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Voting, or a Price System in a Competitive Market Structure

Martin Shubik

American Political Science Review, 1970, vol. 64, issue 1, 179-181

Abstract: In this brief note it is demonstrated that if all the conditions for the existence of a competitive equilibrium are satisfied, then simple majority voting to determine the distribution of goods may be less efficient than a price system.The argument here may be somewhat cryptic for those not familiar with the work of Anthony Downs. A considerably more discursive presentation of the background material is given in “A Two Party System, General Equilibrium and the Voters' Paradox.†The tax and public goods aspect of the voting problem have been discussed elsewhere in “Notes on the Taxonomy of Problems Concerning Public Goods.†The result presented here, nevertheless, stands by itself, hence is presented in this brief form.The political system is modeled at its simplest. We assume the existence of two players called “political parties.†The goal of each player is to win an election by as large a vote as possible. A strategy for each player is to name a policy that it will carry out if it is elected. A policy is any point in the set of feasible distributions of final product. It follows immediately that, although any policy may be considered as a strategy, any non-Pareto optimal policies are dominated by some policy that is optimal. A discussion of the reasons for modeling a party in this simple manner is given in detail elsewhere. It is assumed that all voters are passive or “mechanistic,†i.e., they do not form groups but merely vote individually, selecting optimally between the two policies offered.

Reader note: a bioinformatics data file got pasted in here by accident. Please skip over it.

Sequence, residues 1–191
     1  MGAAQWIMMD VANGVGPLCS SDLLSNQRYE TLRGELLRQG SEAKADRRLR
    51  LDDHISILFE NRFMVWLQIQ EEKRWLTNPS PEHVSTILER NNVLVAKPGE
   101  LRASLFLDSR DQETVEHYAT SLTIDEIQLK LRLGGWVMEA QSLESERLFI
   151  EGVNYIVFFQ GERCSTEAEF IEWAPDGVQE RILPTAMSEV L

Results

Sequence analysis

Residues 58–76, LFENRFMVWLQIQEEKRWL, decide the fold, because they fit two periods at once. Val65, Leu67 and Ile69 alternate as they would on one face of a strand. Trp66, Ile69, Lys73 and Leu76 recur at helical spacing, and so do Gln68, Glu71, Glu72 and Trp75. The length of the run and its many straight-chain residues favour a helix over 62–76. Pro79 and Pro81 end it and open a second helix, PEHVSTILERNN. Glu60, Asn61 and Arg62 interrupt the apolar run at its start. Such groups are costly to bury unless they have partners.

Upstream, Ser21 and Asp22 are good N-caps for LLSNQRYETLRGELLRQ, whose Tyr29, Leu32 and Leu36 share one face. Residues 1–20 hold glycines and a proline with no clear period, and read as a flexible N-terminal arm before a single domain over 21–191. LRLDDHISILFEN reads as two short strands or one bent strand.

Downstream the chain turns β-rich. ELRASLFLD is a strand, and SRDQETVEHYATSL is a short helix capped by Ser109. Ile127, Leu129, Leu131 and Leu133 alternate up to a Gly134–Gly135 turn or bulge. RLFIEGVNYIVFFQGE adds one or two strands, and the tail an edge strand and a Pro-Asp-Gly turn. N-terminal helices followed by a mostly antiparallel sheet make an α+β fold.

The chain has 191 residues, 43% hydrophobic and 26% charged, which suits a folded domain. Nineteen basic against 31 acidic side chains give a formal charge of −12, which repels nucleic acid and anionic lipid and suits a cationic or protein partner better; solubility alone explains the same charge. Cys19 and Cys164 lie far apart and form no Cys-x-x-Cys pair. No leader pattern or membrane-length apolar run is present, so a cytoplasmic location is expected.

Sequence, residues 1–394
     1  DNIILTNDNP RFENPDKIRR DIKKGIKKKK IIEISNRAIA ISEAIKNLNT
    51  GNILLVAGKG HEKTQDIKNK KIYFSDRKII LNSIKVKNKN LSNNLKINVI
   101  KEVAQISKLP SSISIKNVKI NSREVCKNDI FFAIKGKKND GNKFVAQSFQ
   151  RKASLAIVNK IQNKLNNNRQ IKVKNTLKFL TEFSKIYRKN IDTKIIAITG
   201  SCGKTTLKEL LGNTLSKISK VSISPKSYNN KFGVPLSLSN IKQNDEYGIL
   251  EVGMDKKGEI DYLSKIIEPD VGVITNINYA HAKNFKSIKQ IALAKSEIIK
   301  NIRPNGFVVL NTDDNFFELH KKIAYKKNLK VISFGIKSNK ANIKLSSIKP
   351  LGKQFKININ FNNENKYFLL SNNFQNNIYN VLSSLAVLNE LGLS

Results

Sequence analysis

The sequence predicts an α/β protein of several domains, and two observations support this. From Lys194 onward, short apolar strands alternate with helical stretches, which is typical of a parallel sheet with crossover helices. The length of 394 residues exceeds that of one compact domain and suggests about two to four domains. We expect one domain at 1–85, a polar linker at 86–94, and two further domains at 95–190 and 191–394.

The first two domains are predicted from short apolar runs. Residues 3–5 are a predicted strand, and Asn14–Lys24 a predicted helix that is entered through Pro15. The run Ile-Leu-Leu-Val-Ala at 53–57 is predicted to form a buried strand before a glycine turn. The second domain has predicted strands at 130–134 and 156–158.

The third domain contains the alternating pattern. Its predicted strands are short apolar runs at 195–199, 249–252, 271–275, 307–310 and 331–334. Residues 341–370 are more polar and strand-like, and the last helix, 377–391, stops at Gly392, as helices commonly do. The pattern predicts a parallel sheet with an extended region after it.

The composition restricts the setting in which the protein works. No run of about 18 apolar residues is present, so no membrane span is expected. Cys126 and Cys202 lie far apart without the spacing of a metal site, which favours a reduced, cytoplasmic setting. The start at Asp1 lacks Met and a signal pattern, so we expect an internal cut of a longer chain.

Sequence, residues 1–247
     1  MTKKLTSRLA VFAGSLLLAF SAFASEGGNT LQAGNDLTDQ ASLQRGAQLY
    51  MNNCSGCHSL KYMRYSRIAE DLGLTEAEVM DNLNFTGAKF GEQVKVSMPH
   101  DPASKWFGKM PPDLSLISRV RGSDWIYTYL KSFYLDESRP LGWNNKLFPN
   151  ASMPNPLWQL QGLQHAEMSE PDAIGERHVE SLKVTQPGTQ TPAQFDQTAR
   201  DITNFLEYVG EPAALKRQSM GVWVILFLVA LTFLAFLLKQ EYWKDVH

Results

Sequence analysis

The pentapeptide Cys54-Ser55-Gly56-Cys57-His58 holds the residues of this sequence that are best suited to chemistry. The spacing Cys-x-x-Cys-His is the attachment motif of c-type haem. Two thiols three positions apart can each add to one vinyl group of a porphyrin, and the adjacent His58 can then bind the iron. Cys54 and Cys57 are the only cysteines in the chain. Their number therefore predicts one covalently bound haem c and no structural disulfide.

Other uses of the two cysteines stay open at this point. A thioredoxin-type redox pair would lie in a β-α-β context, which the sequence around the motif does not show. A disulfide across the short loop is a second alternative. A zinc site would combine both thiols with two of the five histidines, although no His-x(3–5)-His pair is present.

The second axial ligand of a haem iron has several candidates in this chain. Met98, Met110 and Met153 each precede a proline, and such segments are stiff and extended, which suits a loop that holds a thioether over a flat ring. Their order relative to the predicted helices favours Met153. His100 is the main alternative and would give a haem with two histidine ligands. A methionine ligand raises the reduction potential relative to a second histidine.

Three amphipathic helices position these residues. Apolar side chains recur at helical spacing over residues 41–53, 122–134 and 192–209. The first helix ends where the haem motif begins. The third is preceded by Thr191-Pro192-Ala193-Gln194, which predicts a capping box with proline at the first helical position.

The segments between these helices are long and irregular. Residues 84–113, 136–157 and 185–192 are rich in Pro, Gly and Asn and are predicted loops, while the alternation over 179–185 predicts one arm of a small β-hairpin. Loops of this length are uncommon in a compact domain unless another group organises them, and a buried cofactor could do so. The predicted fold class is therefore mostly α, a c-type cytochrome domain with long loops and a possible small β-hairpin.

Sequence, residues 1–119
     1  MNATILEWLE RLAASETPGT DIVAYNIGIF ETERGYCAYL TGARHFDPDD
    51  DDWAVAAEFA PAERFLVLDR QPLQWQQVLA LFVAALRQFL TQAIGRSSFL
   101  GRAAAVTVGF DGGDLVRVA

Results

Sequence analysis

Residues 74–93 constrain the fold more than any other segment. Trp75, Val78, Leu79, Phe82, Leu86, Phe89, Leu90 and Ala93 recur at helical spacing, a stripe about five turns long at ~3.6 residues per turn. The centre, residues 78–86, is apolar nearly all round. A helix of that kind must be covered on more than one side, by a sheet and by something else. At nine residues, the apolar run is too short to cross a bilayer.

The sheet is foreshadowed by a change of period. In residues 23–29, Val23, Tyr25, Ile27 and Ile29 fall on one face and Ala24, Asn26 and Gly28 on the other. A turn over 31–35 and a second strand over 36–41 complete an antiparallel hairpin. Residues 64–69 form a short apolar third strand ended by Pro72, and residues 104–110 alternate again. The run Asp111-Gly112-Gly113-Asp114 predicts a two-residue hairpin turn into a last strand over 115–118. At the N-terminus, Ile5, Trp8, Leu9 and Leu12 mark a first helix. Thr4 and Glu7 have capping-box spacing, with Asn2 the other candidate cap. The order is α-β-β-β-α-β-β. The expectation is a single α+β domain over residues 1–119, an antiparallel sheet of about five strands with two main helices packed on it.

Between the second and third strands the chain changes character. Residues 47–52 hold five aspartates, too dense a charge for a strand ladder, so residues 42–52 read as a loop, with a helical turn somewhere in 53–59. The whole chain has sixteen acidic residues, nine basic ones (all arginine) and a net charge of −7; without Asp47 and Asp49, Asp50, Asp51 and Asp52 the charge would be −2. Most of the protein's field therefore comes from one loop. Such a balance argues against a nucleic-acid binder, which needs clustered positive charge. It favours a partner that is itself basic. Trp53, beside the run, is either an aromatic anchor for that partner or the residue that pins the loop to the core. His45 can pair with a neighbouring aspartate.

Date: 1970
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